We know that early support for disabled children and their families is essential to prevent problems such as deteriorating health, family stress and breakdown, and deteriorating emotional and educational development for disabled children and their brothers and sisters. Local Authorities and PCTs rightly prioritise those in greatest need. However, at the moment, a lack of early support and intervention may be exacerbating the numbers of disabled children and their families who reach crisis point and need crisis interventions.

For disabled children and their families, it is particularly important for certain services to be in place early. For example, short-breaks, which help give families with disabled children an ordinary life – the same experience of having a break from each other, to support the love and care that all parents give their children.

Which is why our Review is now examining proposals to improve the provision of short break services for disabled children and their families, and are identifying the best means of ensuring effective provision.

Countless families have accentuated the importance of seamless support for children with complex needs and who use a wide range of services. Our vision involves:

  • Families and children benefiting from joined-up assessments, held at the convenience of children and families, rather than being passed from pillar to post;
  • Different local agencies working together to jointly plan, commission and meet children’s needs, with health, education and social services working in partnership to deliver coordinated support services in good time; and
  • Families with children with the most complex needs benefiting from a key worker, through the early support programme or later in life, for example at transition.

We must put disabled children at the heart of the Every Child Matters agenda.

Support throughout the lifecycle

And our vision is that all disabled children and young people and their families should have support throughout their lives, from birth right through to transition to adulthood and beyond.

From birth and diagnosis, every family should have the early practical and emotional support they need, with staff trained to offer advice and information, and deliver messages in a clear and supportive way.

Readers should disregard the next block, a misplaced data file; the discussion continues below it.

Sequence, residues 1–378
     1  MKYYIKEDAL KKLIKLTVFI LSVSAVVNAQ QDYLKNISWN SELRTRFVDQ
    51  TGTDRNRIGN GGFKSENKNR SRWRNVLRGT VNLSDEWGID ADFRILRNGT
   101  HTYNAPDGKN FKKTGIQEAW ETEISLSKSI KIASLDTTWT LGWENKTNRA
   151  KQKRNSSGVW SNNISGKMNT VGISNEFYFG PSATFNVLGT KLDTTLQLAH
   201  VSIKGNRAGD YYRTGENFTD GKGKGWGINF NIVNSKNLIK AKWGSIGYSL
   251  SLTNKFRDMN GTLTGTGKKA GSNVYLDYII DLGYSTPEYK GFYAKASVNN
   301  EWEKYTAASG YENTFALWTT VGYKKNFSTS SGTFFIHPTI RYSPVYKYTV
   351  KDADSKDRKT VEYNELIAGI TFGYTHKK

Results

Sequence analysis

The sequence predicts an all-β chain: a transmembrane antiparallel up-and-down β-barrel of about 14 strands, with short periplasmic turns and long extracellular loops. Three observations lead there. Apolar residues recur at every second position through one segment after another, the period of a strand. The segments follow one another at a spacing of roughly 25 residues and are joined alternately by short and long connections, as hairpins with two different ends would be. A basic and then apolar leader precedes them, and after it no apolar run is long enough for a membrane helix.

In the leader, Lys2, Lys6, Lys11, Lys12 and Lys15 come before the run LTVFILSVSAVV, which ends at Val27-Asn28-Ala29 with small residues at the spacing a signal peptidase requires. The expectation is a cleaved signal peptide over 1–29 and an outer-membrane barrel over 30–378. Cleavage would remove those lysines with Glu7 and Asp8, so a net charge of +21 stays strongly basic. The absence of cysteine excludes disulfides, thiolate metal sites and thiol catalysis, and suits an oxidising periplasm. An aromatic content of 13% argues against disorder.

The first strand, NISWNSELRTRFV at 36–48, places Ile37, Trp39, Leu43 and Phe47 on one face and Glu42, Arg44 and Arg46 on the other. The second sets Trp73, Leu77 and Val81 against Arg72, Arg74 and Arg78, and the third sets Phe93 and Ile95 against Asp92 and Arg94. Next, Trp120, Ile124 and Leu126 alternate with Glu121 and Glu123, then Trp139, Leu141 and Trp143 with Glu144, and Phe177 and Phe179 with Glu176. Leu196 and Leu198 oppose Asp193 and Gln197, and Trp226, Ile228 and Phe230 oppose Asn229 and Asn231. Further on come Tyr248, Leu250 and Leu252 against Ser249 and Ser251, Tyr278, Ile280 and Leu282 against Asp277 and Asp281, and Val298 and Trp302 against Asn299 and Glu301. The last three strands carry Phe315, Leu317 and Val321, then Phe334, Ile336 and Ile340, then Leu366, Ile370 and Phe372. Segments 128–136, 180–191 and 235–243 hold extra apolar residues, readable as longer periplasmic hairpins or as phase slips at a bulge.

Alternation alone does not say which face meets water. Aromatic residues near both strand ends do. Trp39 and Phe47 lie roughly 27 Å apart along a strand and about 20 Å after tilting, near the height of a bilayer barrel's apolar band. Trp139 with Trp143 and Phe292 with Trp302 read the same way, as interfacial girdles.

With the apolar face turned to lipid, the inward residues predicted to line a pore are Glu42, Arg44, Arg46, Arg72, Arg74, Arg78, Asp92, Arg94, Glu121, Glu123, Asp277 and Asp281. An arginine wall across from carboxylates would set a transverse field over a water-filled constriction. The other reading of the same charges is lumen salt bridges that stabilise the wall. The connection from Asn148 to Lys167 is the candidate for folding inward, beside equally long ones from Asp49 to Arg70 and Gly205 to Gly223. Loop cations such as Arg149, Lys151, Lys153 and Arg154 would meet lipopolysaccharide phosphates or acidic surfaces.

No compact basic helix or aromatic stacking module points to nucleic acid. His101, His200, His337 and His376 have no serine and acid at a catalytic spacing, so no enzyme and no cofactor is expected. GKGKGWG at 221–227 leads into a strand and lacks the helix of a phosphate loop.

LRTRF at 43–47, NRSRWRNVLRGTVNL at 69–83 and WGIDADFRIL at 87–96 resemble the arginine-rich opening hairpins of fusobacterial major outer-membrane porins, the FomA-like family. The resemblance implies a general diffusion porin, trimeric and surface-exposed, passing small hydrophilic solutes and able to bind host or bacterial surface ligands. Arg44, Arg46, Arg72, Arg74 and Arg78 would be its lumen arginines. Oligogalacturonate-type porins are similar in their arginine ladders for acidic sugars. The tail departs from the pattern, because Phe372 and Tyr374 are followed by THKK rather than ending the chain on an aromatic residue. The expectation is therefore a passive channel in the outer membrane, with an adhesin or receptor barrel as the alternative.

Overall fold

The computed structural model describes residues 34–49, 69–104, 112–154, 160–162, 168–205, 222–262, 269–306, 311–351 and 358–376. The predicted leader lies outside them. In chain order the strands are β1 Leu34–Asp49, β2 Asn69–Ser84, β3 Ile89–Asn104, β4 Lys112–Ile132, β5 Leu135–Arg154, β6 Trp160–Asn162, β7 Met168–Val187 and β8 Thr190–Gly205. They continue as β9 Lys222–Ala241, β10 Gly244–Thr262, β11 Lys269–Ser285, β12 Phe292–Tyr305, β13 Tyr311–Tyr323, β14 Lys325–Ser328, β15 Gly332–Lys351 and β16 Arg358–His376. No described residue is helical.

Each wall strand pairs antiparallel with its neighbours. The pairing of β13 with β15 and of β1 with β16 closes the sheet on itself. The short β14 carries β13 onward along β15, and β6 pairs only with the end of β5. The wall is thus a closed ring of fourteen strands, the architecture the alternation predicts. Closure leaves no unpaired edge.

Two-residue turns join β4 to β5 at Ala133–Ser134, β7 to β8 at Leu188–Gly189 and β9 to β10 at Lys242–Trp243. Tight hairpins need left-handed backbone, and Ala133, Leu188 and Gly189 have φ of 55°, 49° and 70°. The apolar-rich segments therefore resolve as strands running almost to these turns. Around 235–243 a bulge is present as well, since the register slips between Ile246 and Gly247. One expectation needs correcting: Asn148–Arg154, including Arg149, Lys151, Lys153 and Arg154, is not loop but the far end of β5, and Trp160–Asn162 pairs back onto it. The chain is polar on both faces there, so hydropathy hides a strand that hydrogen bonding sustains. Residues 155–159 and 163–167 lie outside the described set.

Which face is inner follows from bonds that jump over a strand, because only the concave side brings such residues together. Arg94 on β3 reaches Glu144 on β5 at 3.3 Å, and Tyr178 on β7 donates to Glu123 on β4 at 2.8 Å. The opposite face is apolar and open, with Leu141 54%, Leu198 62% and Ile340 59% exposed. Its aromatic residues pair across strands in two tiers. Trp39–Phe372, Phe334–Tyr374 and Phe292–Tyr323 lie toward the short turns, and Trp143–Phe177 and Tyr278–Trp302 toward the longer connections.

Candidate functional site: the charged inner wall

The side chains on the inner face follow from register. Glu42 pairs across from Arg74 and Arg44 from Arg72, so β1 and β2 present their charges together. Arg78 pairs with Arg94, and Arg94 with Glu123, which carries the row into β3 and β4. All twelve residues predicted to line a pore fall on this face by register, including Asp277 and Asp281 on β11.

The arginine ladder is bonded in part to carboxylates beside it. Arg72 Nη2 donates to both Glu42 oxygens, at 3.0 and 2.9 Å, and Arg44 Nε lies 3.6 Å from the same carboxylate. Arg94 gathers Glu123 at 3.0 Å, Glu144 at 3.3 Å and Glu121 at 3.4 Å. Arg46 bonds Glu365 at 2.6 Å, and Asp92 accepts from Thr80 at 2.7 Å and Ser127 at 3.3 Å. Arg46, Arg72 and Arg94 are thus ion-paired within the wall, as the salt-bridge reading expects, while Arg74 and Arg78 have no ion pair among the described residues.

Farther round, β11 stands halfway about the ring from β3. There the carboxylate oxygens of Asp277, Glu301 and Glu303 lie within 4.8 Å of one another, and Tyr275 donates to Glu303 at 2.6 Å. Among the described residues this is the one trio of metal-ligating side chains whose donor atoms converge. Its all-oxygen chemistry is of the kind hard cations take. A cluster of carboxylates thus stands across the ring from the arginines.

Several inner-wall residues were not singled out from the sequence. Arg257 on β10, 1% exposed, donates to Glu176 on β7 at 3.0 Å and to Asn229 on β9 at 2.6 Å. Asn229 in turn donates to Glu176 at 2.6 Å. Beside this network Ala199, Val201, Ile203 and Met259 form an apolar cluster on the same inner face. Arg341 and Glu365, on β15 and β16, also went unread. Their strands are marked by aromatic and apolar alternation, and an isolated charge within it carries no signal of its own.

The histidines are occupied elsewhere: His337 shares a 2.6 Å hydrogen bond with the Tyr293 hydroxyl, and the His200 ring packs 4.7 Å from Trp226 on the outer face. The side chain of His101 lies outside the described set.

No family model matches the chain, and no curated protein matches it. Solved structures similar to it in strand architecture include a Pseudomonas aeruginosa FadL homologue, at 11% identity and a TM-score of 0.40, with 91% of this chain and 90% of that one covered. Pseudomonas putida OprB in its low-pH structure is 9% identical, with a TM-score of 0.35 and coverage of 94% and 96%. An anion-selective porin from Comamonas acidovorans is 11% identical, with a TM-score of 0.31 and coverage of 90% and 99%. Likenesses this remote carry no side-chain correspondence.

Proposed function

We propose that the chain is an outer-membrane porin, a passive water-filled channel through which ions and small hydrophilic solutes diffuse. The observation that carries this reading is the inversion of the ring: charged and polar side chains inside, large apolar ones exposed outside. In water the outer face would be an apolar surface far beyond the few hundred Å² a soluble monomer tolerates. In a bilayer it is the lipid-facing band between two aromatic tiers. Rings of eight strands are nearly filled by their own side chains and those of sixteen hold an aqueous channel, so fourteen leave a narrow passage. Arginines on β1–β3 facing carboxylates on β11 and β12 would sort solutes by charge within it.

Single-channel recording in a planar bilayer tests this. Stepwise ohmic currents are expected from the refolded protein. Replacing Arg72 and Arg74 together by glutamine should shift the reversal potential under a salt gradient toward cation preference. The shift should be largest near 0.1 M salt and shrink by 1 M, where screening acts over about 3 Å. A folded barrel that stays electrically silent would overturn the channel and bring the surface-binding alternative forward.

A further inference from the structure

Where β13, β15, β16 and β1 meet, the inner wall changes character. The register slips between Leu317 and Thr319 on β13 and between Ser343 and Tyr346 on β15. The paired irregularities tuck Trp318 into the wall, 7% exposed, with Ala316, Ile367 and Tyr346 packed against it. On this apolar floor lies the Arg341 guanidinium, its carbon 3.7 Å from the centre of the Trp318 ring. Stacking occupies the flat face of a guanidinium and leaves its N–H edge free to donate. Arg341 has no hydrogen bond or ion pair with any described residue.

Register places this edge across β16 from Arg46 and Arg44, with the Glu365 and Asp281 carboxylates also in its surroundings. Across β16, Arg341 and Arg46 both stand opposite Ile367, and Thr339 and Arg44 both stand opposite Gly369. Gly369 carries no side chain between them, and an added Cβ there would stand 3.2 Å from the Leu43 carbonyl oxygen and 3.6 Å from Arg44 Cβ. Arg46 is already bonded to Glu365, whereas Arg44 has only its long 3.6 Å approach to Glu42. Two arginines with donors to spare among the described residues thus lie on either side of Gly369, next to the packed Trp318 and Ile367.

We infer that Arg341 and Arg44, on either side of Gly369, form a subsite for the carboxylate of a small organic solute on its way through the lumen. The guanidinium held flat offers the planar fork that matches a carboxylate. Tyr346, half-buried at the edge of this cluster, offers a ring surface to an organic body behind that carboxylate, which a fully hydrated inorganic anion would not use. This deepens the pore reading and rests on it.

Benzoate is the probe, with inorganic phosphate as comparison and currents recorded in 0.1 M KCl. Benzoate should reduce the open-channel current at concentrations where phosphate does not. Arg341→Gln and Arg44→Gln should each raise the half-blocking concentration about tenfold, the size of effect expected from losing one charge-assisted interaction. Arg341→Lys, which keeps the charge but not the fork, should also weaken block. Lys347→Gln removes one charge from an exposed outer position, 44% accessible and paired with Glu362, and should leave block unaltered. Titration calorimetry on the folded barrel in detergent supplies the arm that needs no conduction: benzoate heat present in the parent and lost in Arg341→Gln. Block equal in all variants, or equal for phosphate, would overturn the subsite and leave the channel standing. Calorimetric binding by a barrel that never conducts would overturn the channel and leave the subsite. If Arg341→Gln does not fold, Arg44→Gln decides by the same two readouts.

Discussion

Every disabled child and their family should have support throughout early childhood, with evaluation and benchmarking, and clear mechanisms for spreading best practice.

We want to see every disabled child with a clear assessment and plan throughout childhood so that local agencies can plan in advance for their changing needs and as they grow, to facilitate timely provision of equipment and services. We want an end to frustrating waits for equipment when children grow out of their existing provision. This issue is currently being addressed by the community equipment and wheelchair services review led by the Department of Health, and my officials are working closely with that review to ensure that our two review processes are complementary.

Throughout childhood, every child and family should have coordinated support, through a key worker, or team focused on support designed around the child. We need to fulfil the government’s commitment to inclusion and equality, with disabled children able to access childcare services, participate in mainstream schooling with appropriate levels of support for their needs, and fully access extended school provision and activities.

Disabled children need the same childhood experiences as all other children, with the chance to play, learn, make friends, and develop their interests and personality. This is best delivered for most disabled children in the same places that other children go to play and learn.

At transition to adulthood, an area highlighted by the Parliamentary Hearings, children and families should be involved from the very beginning of the process at age 14, similar to the Early Support Programme, with clear guidance about who they can talk to and what they can expect. The provision of clear information, an advisor or key worker to signpost information, coordination of services, and planning centred around the young person have all been pointed out to us as vital elements to support disabled young people at transition. Disabled children deserve to have their expectations raised and met as they become adults.


This, then, is our emerging vision.

Of course, delivering consistent improvements in support for families with disabled children will take time. Future spending reviews must build on the commitments we make this summer to ensure our focus is sustained and delivered.

But we will make progress.

When I launched the Every Disabled Child Matters campaign at our party’s conference last year, I told many of you here today that this is ultimately a campaign about fairness and social justice. Only through making every disabled child matter can we reach our ultimate goal of a fair and just society for all.

In fact, disabled children provide the acid test of whether we as a government can build a society with equal chances and opportunity for all. All of you in this room are partners in that process.

I want to end by reiterating our support for the principles of the Every Disabled Child Matters campaign, and pledge that I will continue to work with you to make sure that our government delivers for disabled children and their families.


Posted November 26th, 2015 by admin